Monthly Archives: January 2008
One of the best-known and most successful ebook retailing sites, our friend Fictionwise, has just purchased the venerable eReader from its current owner, Motricity. We are very happy and excited that Fictionwise has stepped up to the plate and that they will be taking over operations of what used to be the original Palm ebook store. We wish them and the employees of eReader all the best with the transition!
E-Reads has been working with both Fictionwise and the Palm format since the very startups of our companies, back when Palm format books were sold by The Peanut Press (later acquired by Palm and then Motricity). Fictionwise however has had a unique and meaningful relationship to E-Reads, not only because they sell our books in non-DRM (open) format, but because they have been extremely supportive and helpful to us as a small press, giving us prime real estate on their front page for our new releases, right alongside frontlist titles from major publishers. You may have noticed that they even host our ebook download section of this very website! As the ebook industry has grown, it has been thrilling watching Fictiowise not only keep pace, but expand the market with remarkable support for all the divergent ebook formats.
We see some very interesting things going on with this acquisition.
For one thing, the relatively quite small sub-world of ebook publishing is undergoing the same sort of conglomerization and “growth by acquisition” that mainstream book publishing has been dealing with for decades now. Welcome to the big time, I guess you’d have to say. Some win. Some move too slowly and get eaten. The law of the jungle prevails and the fittest survive by ruthlessly absorbing the laggards and growing stronger.
If you look at the history of eReader, though, there’s plenty of room for optimism that this change will be good news for all ebook publishing. Palm devices have been a platform for ebook reading pretty much from the very beginning and the proprietary software, once owned by the Palm company itself before it bifurcated and mutated into multiple entities, is a highly functional and nicely compact program that has benefited from trafficking a fair amount of total ebook readership and sales over the years.
Unfortunately, when Palm sold it off to Motricity, a company whose website slogan is “reinventing mobile lifestyles” and that has a big footprint in handheld content delivery, it seems like it became an ugly stepchild for a big company whose focus was mainly elsewhere. Sadly, not a lot of care and attention was lavished on its development, just at a time when the recovery from the slump that started early in the new century was beginning to turn around in a big way. All along, despite bitter disappointment at the fact that ebooks did not become instantly huge, ebook sales have shown long-term healthy growth…and there’s no end in sight. As the world’s accelerating transition to a digital existence becomes ever more widespread and convincing as a major ongoing phenomenon, the opportunities for any technology that lives in the nerve-center of that transition can only expand and multiply.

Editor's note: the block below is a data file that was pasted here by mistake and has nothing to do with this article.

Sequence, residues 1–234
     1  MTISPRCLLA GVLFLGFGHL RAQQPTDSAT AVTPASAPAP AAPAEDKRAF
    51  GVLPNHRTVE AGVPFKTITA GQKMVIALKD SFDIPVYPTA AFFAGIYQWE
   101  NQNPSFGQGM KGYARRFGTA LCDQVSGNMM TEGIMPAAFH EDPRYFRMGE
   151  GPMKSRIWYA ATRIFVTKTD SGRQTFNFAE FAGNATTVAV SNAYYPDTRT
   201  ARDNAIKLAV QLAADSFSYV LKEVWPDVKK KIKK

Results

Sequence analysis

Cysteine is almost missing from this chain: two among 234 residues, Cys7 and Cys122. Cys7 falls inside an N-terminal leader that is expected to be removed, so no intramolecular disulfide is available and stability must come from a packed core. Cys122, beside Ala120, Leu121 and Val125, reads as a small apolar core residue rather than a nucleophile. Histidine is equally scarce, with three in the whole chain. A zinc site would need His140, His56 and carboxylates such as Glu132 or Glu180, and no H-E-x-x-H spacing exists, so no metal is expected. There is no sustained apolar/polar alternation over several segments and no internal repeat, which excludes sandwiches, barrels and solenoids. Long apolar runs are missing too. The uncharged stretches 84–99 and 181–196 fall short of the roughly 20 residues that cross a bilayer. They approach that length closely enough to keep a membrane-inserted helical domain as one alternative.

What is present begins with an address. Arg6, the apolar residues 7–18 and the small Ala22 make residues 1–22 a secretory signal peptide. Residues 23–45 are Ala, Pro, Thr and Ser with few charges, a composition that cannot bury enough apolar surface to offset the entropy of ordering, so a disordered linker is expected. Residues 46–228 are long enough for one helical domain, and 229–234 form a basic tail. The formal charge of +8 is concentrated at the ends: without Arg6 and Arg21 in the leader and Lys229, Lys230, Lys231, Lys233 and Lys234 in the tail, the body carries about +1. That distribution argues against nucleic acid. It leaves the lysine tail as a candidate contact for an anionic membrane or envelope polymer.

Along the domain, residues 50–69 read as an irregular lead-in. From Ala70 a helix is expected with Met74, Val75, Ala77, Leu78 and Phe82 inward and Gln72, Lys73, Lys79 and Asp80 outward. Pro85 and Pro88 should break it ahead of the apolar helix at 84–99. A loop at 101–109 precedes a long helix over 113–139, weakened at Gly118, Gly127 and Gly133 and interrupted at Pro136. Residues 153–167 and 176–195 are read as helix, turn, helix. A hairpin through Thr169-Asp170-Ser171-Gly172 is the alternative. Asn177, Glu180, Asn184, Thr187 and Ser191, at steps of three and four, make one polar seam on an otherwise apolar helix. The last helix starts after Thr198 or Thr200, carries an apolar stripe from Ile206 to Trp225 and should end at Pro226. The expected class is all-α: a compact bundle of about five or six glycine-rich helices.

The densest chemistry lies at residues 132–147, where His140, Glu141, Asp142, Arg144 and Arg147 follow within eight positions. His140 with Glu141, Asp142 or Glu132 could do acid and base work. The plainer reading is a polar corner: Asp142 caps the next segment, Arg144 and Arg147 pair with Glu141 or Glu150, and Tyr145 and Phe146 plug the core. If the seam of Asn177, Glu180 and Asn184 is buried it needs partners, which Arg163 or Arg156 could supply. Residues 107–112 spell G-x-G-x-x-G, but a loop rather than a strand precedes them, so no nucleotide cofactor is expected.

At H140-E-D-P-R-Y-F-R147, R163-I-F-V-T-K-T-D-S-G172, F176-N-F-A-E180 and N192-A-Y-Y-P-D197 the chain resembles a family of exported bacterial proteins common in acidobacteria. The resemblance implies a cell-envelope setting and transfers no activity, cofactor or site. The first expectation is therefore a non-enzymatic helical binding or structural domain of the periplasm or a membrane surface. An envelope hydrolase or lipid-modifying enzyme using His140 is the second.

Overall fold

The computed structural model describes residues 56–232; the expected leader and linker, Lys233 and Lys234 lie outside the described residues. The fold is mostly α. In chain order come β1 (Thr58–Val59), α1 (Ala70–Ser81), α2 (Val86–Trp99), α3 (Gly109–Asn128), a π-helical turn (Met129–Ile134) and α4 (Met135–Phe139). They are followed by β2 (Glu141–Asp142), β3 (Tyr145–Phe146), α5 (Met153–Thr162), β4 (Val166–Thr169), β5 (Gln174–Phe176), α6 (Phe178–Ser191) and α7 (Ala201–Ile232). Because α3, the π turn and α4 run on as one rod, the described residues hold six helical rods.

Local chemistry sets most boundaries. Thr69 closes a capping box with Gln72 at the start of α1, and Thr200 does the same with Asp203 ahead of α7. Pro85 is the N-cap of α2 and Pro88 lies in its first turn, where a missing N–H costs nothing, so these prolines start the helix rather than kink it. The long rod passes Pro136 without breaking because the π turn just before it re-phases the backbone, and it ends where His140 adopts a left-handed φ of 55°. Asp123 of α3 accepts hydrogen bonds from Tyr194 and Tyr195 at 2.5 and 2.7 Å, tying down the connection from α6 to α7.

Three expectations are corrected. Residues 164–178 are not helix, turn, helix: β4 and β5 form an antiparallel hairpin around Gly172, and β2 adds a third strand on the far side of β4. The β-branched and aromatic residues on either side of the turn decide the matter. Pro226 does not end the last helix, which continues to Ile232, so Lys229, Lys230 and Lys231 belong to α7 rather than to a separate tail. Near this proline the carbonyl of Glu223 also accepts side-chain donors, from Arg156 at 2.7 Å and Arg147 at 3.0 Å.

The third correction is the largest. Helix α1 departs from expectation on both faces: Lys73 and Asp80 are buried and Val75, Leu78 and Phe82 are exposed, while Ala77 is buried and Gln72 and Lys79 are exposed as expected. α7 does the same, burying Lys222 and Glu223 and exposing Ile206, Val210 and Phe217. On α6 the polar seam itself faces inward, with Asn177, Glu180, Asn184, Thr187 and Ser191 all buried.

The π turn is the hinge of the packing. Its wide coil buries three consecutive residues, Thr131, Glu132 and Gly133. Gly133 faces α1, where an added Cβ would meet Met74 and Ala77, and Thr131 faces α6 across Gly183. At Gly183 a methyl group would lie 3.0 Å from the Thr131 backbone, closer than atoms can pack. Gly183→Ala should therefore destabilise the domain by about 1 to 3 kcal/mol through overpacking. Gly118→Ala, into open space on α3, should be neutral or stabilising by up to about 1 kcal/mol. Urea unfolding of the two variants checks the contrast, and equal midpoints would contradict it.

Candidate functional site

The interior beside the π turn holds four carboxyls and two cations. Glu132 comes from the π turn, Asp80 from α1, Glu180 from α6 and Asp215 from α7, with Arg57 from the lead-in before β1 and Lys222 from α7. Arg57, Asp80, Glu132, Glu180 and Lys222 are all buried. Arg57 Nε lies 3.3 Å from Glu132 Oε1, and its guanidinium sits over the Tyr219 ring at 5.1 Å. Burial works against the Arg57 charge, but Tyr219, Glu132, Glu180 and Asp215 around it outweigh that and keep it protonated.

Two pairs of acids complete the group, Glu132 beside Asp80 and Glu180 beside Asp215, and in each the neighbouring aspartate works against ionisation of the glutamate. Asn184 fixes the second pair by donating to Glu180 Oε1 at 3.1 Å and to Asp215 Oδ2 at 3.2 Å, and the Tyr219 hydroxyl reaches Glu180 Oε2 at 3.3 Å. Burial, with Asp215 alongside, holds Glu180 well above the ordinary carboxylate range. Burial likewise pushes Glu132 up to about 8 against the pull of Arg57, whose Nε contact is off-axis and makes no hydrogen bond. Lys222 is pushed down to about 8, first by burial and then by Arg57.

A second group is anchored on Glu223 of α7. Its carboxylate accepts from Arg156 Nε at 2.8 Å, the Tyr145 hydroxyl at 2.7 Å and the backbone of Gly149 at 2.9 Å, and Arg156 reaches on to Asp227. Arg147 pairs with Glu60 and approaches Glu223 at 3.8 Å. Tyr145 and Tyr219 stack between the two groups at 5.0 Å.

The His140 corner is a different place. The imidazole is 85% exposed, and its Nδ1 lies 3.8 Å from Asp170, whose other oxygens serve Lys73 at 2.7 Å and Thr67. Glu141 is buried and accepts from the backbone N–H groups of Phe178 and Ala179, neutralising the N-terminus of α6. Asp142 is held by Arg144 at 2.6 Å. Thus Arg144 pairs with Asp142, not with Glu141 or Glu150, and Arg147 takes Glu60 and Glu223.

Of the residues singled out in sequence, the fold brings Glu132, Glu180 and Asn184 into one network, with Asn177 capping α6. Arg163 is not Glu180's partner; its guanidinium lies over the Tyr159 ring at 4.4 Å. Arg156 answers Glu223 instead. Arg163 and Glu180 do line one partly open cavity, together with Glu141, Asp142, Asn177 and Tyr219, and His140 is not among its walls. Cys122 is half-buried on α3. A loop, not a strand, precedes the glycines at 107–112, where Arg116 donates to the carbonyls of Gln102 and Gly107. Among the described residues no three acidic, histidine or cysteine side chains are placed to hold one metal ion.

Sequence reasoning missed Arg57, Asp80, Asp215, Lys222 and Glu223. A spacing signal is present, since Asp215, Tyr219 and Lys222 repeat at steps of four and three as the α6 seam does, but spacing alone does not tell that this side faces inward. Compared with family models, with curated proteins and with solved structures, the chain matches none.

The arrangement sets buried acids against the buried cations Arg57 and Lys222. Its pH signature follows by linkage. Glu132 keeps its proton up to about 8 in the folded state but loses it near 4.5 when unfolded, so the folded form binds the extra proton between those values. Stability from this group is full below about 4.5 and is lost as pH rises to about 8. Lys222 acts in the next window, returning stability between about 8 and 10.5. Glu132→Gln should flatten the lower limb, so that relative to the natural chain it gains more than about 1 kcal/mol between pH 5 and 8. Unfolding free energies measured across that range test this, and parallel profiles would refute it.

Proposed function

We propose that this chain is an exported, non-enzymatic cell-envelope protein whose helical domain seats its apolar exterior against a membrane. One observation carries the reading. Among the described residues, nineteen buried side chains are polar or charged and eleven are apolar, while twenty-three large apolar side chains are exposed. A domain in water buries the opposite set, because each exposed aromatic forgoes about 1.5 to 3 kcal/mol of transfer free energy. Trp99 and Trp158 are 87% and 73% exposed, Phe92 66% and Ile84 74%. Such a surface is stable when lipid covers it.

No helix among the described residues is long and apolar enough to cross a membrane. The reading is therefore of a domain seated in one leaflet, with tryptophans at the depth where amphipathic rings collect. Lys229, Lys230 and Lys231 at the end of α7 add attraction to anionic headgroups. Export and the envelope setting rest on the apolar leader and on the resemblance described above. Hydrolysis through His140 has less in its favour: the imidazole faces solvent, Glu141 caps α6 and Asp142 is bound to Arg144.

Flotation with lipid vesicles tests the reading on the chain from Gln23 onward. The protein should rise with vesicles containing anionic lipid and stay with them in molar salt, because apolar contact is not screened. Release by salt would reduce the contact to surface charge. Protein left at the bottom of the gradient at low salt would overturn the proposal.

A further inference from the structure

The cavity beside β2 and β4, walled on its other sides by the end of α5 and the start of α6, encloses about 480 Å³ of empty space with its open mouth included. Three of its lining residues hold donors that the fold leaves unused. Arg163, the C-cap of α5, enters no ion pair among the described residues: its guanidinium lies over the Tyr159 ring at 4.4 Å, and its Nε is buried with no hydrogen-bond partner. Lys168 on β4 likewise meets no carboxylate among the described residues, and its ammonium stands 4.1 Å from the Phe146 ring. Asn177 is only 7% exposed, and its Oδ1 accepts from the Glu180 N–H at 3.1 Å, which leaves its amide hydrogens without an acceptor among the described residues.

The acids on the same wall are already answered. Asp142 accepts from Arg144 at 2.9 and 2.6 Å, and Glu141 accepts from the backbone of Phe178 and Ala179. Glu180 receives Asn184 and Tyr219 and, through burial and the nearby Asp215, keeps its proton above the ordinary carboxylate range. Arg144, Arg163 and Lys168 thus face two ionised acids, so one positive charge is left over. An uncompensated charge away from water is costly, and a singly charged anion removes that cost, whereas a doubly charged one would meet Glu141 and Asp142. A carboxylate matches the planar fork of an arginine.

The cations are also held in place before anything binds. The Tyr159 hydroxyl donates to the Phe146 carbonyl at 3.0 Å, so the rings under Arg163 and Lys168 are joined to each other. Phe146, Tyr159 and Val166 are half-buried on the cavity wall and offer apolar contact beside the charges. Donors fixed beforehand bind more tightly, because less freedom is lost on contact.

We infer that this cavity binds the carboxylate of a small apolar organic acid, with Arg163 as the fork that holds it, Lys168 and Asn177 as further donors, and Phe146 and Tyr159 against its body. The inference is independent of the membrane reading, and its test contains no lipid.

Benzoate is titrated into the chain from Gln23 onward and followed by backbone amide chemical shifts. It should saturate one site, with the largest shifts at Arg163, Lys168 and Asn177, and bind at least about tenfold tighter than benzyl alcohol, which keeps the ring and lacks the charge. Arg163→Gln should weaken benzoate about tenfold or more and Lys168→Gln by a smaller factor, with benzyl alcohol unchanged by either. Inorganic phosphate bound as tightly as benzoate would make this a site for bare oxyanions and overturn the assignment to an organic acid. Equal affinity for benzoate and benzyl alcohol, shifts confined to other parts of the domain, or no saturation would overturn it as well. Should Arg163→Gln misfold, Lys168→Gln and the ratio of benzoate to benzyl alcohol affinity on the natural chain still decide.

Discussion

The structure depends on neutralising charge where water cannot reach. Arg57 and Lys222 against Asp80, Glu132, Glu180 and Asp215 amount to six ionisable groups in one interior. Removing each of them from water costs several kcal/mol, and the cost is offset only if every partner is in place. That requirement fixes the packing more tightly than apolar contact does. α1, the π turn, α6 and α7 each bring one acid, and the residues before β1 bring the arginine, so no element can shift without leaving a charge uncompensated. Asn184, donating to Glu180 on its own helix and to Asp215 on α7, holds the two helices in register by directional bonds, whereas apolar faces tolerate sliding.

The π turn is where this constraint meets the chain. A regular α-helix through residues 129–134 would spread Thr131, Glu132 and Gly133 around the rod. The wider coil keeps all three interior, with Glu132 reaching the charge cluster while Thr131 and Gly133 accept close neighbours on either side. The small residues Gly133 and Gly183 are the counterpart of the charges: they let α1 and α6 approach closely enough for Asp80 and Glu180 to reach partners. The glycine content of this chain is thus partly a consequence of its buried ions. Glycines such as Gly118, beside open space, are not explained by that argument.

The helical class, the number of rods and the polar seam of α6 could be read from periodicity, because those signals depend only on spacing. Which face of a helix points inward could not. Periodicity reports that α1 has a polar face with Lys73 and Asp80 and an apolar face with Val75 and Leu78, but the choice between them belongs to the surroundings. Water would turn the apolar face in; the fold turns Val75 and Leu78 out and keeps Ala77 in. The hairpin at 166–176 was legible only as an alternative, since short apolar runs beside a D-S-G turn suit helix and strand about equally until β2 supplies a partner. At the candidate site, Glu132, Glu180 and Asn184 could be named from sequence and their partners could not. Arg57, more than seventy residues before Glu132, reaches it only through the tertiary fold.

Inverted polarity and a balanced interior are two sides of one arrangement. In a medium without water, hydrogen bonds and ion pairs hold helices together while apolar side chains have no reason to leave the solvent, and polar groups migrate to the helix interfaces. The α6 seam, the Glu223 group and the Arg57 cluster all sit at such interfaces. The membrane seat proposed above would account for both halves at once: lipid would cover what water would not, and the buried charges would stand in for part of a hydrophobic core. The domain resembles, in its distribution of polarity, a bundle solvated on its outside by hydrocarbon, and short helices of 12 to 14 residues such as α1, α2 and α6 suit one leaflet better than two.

At the same time, the brothers who founded and run Fictionwise have shown a broad-based vision of the possibilities for ebooks in the marketplace, coupled with an absolutely catholic commitment to serving the readership across all fronts by making available as many ebook formats as have come along. We venture to guess that more titles in more formats are available from Fictionwise than from any other active source. The fact that Fictionwise has long promoted a DRM-free approach to marketing (while always accommodating the more-paranoid concerns of the big publishers who control the product from most big-name writers) is also a very encouraging sign. Their selection is big and their service top-notch. The benefits of having a Fictionwise account that tracks and remembers all purchases and can replace lost or corrupted files for legitimate purchasers delivers the best possible combination of bookseller, library and display window. They’ve also worked hard at building community among their customers and it wouldn’t be surprising to see them adding Social Networking aspects to their site. It’s nice to know that you can trade up on your hardware and still have access to your library of purchases. [John says: “If I bought a Kindle, I’d have some serious concerns about what will happen when a machine running a totally locked-down system like that decides to die the natural death that all electronic products have built into them. I maybe like a lot of books and love some beyond all sense but that doesn’t make me happy if I run into a situation where I have to start buying everything all over again. I’d rather have more control over my digital destiny than any one single proprietary format or device (however technologically cool it may be) is going to allow me.”]
Imagine how much better things could become for fans and consumers of the .pdb format now that a company that has demonstrated long-term commitment to and an intensive single-minded focus on ebooks as a business growth opportunity is in charge. Since they also have a savvy sense of the marketplace, having them in control of the development destiny of a neat program that has an active potential installed-base of tens of millions of pocket-sized homes is very exciting. In a market that’s showing continuing strong growth, the sky may really be the limit.
– John, Michael, and Richard